Important information about Cordova 5

In the most recent update to Apache Cordova, there was a rather important change that could really confuse you if you aren’t paying attention. This is exactly the type of thing that I would have warned my readers about, but I mistakenly thought it would not impact most users. I’ll explain later why I screwed that up, but I want to give huge thanks to Nic Raboy and his post, Whitelist External Resources For Use In Ionic Framework. Nic is a great blogger that I recommend following, and it is his post that led me to dig more into the changes in Cordova 5 and do my own research.

I won’t repeat Nic’s post here, but the summary is that how you whitelist in Cordova has changed from earlier versions. Previously whitelisting was done via an <access> tag in config.xml. The default application created by the CLI would use a * to make everything available. To repeat, by default you could use any resource in your Cordova app.

In Cordova 5, this was changed. Specifically, this was changed for Android and iOS. You can begin by looking at the whitelist guide from the Cordova docs, but this will lead you to the docs for the new whitelist plugin.

So let’s talk about this plugin. If you create a new project using the default template, then this plugin is automatically added whenever you add a platform. What does this plugin do? For modern Android (KitKat and above) and all iOS versions (all supported) it uses a new security system called Content Security Policy (CSP for short). The best place to read about CSP is at MDN ( I’ll do my best to explain it here though.

CSP is implemented via a meta tag in your HTML. Again, not your config.xml file but your actual HTML. This is what you’ll see in the HTML file from the default template:

<meta http-equiv=“Content-Security-Policy” content=“default-src ‘self’ data: gap: ‘unsafe-eval’; style-src ‘self’ ‘unsafe-inline’; media-src *”>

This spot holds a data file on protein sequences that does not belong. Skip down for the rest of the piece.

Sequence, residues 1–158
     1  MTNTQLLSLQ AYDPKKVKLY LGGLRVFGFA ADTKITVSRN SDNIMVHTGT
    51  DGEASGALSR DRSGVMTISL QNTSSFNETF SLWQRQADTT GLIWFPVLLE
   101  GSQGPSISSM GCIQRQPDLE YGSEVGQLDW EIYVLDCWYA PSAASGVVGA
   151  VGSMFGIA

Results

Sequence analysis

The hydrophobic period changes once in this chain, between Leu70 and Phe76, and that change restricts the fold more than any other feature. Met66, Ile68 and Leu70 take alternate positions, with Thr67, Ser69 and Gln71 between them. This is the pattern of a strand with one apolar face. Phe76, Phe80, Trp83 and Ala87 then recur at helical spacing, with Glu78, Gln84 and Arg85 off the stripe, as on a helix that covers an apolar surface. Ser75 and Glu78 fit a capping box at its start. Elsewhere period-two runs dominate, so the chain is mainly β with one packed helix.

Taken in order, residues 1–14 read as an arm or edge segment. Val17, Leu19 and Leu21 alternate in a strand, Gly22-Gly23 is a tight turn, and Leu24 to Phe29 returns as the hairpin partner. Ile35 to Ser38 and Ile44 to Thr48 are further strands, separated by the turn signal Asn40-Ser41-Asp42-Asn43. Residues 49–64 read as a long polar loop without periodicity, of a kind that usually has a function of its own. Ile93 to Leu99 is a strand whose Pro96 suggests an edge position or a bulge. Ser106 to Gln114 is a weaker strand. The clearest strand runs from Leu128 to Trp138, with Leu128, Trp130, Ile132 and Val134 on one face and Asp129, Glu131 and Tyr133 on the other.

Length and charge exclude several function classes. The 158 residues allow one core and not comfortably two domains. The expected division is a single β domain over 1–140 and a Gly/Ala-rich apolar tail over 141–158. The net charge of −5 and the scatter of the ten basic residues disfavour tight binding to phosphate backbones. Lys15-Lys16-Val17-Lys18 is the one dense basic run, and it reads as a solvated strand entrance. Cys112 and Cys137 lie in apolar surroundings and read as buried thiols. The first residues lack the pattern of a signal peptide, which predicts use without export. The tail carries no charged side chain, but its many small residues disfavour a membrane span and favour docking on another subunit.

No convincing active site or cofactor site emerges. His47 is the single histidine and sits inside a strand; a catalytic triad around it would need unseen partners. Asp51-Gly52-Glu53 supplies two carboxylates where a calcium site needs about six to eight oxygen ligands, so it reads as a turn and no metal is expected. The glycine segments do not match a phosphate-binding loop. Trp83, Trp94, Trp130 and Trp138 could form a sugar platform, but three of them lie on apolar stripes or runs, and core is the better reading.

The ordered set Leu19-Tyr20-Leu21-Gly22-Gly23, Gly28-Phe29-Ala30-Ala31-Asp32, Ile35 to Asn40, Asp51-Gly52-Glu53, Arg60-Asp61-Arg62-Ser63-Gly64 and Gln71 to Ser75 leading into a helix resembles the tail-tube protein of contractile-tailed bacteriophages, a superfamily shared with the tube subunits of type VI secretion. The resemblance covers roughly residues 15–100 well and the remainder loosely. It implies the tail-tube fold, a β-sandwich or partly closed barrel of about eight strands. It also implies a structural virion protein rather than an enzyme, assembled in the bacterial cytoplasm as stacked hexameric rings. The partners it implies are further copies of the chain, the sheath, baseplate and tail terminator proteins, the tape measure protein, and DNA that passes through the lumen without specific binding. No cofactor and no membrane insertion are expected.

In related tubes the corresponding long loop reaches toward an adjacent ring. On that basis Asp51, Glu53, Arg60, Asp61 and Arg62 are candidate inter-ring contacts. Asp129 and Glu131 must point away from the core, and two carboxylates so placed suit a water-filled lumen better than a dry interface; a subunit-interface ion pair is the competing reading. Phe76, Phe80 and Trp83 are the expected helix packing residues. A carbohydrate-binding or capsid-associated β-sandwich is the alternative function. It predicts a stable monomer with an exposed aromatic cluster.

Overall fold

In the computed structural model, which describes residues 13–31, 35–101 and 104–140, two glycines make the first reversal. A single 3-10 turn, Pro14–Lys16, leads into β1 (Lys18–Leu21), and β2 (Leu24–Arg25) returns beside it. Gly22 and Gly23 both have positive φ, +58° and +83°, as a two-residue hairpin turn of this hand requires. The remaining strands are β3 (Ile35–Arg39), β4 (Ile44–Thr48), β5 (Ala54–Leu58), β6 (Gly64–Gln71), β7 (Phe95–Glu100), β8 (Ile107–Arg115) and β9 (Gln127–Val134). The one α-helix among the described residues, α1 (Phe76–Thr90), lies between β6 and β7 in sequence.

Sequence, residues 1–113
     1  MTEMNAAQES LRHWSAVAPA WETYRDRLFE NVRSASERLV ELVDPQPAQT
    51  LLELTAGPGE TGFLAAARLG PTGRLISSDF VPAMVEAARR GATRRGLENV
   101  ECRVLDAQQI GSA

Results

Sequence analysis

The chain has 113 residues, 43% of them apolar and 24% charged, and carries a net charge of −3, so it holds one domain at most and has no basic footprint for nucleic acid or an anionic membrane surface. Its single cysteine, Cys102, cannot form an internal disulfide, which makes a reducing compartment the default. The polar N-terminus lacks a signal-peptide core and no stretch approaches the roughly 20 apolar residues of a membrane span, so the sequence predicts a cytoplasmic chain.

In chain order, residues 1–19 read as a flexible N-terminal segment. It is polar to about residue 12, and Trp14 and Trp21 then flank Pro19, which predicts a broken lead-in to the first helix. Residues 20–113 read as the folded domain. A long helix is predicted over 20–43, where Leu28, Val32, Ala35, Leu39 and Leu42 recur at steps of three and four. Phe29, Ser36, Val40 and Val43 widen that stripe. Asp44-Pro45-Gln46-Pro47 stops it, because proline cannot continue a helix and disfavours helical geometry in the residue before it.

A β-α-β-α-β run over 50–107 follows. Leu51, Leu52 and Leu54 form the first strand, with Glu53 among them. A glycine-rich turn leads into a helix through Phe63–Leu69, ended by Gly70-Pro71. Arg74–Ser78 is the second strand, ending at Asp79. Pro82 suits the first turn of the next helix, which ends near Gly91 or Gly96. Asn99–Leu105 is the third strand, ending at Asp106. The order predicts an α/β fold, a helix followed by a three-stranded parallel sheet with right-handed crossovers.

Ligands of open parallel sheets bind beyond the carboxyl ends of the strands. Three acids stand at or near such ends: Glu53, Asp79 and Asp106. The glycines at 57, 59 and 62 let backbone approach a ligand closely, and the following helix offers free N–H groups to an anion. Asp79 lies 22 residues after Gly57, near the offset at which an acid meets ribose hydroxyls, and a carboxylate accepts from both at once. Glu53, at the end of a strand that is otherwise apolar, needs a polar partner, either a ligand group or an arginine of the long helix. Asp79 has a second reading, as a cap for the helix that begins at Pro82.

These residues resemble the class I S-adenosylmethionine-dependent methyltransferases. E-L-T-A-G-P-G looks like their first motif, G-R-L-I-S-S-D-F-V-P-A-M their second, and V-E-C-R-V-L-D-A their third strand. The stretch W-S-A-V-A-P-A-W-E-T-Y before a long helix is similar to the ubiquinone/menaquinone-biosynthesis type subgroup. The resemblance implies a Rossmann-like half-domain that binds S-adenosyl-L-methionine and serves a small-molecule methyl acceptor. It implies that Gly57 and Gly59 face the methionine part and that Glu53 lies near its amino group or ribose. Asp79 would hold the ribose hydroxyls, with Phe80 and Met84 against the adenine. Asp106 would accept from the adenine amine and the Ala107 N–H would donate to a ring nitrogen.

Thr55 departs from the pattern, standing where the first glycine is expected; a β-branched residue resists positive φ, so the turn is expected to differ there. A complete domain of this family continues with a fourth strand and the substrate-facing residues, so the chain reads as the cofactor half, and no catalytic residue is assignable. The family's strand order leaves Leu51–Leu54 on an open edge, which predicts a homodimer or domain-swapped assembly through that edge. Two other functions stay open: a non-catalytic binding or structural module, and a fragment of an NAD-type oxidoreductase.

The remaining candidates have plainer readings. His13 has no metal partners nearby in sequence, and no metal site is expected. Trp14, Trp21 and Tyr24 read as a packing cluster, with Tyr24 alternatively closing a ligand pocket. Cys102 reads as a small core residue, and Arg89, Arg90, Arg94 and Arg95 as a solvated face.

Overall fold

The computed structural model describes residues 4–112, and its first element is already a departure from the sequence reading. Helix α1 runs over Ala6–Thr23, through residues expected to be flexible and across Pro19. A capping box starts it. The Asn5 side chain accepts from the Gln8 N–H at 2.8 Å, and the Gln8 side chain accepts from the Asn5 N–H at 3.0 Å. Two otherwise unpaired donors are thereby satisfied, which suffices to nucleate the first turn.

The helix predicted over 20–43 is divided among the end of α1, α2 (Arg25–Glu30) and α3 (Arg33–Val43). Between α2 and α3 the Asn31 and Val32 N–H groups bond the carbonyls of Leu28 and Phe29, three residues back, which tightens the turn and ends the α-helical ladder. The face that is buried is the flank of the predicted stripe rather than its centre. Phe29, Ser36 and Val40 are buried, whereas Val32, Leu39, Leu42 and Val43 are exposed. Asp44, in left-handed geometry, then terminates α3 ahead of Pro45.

That’s pretty weird looking, right? What you are basically seeing is a set of rules that dictate what resources can be loaded and how. You can split the above content by semicolons:

default-src ‘self’ data: gap: ‘unsafe-eval’ style-src ‘self’ ‘unsafe-inline’ media-src *

The beginning of each part represents a “policy directive”, basically “what my security rule applies to”. So for example, media-src represents audio and video tags. style-src represents style sheets. There’s more policy directives (including script-src) to give you really fine grained control over all aspects of your application. You can find the complete list here. default-src represents a default value but it only applies to policy directives that end with -src. If that sounds confusing, wait, I’m going to make it a bit more confusing in a bit.

So that’s the policy directive, what about the values after it? These values dictate what locations particular resources may be loaded from. You can use a combination of keywords, like ‘self’, and URLs. Let’s talk keywords first. The keyword ‘self’ means you can use any resource served from the same location as the current document. I can’t imagine a case where you wouldn’t want that, but it’s possible. You can use ‘none’ to say nothing at all is allowed. A complete list of keywords may be found here.

URLs can be of the form “scheme”, ie “http:” or a scheme and domain, like In my testing, I was not able to use a domain by itself nor was I able to use a wildcard for the scheme. Curious about gap? This is a special scheme for iOS and must be left there.